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Tech at Night: Internet Tax, Copyright, Security, Net Neutrality

Tech at Night

And now I really push the definition of Tech at Night, starting to write this at 2am. I’d originally planned to skip tonight’s edition, and instead just sleep. But I woke up, and sleep isn’t returning anytime soon, so let’s make the rounds of tech and policy.

Some Democrats still haven’t learned the lesson of the PCCC. The far left alternative to the DCCC published a Net Neutrality pledge for Democrats to sign. Every Democrat who signed it lost in November. Yet some Democrats continue to press that extremist agenda. It shows just how of touch Harry Reid’s Senate really is.

Possibly more importantly, the drive for the Internet Tax (which again, they call Universal Service Fund reform) continues from the left. The New York Times came out for it, and a group called Consumer Federation of America is even targeting Netflix specifically for an Internet tax. Watch out.

How about some security? Chinese computer networking manufacturer Huawei wants the US government to endorse it as safe in order to help it compete with US firms like Cisco. Few people trust Huawei because few people want the People’s Liberation Army to spy on their networks. And that fear is well-founded not just for government applications but commercial as well: the intellectually and morally bankrupt fascist system in the PRC requires the country to spy on others to gain technical innovations.

And that cuts right to the heart of the problem of “cybersecurity,” I believe. Bayshore Networks points out that foreign threats are real, and says we should “focus on how to defend our military and civil infrastructure.” That’s true, but as far as civil infrastructure, I just don’t think government has a role in that beyond merely handing useful information out to the public, though I’m thinking more in terms of US-CERT than Homeland Security threat level. This is practical and reasonable because the government needs to collect the same information to be able to protect government networks, so it might as well be shared with industry.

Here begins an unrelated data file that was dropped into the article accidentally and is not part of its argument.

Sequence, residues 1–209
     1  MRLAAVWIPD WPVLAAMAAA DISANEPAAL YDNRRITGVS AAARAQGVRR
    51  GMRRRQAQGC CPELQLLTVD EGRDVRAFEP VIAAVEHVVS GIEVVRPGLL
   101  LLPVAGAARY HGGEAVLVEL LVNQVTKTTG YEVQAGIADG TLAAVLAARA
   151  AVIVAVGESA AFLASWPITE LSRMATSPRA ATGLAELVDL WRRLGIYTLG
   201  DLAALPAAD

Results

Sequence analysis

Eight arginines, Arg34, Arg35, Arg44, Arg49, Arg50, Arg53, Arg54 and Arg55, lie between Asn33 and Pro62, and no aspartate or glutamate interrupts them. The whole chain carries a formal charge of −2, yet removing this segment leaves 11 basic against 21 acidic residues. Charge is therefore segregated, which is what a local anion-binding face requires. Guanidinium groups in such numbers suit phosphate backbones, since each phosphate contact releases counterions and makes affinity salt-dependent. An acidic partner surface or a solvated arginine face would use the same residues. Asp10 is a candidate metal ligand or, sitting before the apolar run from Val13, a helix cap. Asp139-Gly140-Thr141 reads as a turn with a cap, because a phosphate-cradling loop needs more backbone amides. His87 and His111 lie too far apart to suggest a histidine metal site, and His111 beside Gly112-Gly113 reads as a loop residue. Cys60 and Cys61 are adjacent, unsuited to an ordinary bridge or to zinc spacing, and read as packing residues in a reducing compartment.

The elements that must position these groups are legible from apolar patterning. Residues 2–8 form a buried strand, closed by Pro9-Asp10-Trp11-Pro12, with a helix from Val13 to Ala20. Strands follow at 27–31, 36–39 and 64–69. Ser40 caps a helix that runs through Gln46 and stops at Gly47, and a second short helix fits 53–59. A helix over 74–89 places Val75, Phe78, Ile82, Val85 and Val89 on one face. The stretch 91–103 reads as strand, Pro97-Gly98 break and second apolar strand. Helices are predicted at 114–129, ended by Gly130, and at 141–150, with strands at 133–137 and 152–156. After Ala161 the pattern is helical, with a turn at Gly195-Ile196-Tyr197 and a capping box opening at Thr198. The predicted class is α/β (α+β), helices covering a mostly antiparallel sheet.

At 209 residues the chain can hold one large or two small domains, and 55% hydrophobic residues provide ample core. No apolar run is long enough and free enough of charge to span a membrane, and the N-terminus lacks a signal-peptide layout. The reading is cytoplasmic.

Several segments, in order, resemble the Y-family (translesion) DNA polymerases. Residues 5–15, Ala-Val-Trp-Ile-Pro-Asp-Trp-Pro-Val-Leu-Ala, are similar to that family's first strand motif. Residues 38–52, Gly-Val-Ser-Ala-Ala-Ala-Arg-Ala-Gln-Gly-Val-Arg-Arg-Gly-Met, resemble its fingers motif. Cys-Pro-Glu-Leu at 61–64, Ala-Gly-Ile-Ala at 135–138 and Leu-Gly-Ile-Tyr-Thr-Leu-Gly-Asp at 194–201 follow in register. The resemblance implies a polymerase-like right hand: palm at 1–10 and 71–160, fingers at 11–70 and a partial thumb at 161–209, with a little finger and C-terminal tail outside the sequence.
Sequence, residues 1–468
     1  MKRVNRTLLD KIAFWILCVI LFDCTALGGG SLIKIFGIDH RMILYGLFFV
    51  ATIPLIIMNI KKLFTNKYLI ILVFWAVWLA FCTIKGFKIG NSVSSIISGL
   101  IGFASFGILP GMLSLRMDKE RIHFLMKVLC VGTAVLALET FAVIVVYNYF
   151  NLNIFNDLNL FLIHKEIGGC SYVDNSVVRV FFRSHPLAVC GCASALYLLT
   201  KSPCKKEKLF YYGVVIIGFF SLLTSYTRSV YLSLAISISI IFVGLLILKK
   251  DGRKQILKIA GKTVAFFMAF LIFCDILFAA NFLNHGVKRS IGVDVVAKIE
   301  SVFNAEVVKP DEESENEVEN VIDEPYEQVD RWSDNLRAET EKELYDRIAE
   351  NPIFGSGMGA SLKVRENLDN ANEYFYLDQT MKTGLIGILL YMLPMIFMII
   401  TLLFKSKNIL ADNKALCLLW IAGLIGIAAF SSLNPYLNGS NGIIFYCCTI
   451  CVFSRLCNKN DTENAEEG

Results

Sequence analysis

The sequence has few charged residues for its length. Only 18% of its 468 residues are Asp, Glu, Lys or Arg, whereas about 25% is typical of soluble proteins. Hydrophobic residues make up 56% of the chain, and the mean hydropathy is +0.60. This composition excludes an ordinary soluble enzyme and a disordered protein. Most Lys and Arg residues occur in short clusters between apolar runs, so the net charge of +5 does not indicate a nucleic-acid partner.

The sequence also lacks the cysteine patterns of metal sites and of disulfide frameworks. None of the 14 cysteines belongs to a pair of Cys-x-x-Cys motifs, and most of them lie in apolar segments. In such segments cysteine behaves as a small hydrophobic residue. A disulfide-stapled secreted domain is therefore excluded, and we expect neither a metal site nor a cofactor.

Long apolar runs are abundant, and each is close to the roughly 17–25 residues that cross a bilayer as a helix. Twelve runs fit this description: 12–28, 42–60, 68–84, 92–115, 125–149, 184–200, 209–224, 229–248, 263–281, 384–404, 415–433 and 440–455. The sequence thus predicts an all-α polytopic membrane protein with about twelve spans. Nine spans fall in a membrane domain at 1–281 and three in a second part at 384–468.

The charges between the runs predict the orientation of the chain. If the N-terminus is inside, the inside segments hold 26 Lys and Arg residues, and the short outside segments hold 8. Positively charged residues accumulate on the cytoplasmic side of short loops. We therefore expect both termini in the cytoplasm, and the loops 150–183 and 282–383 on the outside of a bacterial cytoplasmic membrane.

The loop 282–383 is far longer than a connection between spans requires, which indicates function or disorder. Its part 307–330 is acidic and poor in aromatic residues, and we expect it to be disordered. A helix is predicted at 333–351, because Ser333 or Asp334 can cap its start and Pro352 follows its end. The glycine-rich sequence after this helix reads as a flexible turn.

Moving on, Google continues to run the risk of harmful government action against its core interests thanks to the precedent set by its Net Neutrality arguments. Having argued in favor of government regulation to mandate “transparency,” Google’s allies on the left may turn around and demand Search Neutrality and transparency going forward. Google must learn not to ride that scorpion.

And tonight we close with some copyright. Patrick Leahy’s wrong-headed COICA may be stalled, but it’s not dead. We must continue to look for ways to thread the needle on copyright, protecting the public interest while still encouraging the creation and sale of works. Copyright law must do both, or we risk problems as foreign countries or even domestic activists take drastic measures to unlock works withheld from the public by inversions of copyright’s intent.

Copyright is commonly called a form of “intellectual property” these days, but it is not property in the usual sense. Copyrights are not a thing a person can have and hold, possess or build a fence around, the ownership of which being government’s duty is to protect. No, copyright is something created out of thin air by government, not because we want to allow people to get perpetual rents off of one creation, one time. No, we want to reward creation, but encourage the creation of more works, as well as to ensure those works get into the hands of the public. Too strong and too long copyright works against that intent.

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